In June 2013 former NSA contractor Edward Snowden set in motion a torrent of revelations of the NSA’s electronic surveillance capabilities and practices. Through 2013, news outlets and social media poured out wave after wave of articles detailing classified government programs with names like PRISM, MonsterMind, Bulk Collection, and Boundless Informant. The scope of the programs revealed was breathtaking. Internet companies and other world leaders publicly expressed outrage when documents showed that private communications had been compromised. This had immediate ripple effects in business, government, and our national security.
Three years later we’re gathering a slew of experts to reflect upon the effects of those revelations — the Snowden Effects.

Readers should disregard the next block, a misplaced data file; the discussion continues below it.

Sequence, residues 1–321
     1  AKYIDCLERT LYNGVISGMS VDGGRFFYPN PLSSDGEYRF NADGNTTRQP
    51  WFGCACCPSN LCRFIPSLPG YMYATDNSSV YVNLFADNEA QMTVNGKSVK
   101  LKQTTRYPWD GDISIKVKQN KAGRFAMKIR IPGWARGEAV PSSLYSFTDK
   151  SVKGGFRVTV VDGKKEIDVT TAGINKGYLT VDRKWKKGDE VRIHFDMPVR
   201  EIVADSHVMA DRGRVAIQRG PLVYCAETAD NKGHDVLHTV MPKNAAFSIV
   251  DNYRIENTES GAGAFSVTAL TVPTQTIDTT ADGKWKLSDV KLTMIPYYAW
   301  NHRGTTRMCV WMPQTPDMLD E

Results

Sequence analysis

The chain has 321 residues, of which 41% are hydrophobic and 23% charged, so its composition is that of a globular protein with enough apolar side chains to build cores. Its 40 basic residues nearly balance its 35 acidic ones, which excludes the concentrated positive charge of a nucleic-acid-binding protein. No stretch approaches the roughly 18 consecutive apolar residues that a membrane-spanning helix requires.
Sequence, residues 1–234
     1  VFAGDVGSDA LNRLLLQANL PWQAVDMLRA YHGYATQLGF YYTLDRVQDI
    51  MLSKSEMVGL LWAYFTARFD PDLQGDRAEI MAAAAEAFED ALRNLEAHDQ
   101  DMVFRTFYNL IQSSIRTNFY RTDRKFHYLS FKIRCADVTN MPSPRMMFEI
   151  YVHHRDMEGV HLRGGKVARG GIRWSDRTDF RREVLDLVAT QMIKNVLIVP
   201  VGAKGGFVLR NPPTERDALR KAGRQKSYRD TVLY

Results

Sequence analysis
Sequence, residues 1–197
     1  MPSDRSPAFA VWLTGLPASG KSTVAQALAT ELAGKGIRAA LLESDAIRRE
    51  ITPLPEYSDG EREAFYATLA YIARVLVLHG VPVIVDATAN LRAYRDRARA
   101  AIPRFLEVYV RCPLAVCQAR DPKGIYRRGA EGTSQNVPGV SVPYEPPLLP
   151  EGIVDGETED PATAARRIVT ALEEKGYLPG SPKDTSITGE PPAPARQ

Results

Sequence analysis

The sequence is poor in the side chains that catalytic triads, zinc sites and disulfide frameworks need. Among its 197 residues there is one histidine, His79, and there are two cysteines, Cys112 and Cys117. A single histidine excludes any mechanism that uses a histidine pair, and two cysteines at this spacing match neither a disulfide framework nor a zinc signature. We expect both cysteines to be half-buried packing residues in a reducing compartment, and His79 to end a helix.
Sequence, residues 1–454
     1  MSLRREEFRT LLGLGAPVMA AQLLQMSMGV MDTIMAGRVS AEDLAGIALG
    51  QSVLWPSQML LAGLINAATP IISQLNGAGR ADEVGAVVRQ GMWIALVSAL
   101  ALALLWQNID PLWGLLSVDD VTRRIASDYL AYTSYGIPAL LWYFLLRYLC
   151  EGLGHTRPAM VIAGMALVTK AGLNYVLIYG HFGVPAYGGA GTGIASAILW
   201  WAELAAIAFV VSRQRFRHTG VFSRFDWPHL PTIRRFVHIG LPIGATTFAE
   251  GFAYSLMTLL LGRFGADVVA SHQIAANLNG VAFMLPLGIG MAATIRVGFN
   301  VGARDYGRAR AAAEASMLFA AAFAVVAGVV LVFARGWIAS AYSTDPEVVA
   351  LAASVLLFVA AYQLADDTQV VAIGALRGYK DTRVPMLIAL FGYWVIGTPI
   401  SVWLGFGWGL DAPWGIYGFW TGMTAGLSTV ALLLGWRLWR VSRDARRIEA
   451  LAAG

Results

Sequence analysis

The revelations have lead to a repositioning of global partnerships, a deeper conversation about the role of government, a thorough reexamination at our fundamental rights, liberties and principles, and a sober realization that the world may not be as safe a place as we would like it to be.
This 3-part series — presented by the Internet Education Foundation (IEF) — focuses on the resultant changes put in motion by Edward Snowden’s revelations — rather than the man himself. The “Snowden Effect” series shines a light on three distinct but inter-related areas: government surveillance reform, de-cloudification and data localization, and commercial trust and transparency. Our cross-IEF event series will be presented under three of our main programs, the Congressional Internet Caucus Advisory Committee, the Internet Law and Policy Foundry and the State of the Net Series.
Join us on September 27th, at the Microsoft Innovation & Policy Center for What Nationality is Your Data?, our first event, set under the banner of State of the Net. We will announce our panelists shortly.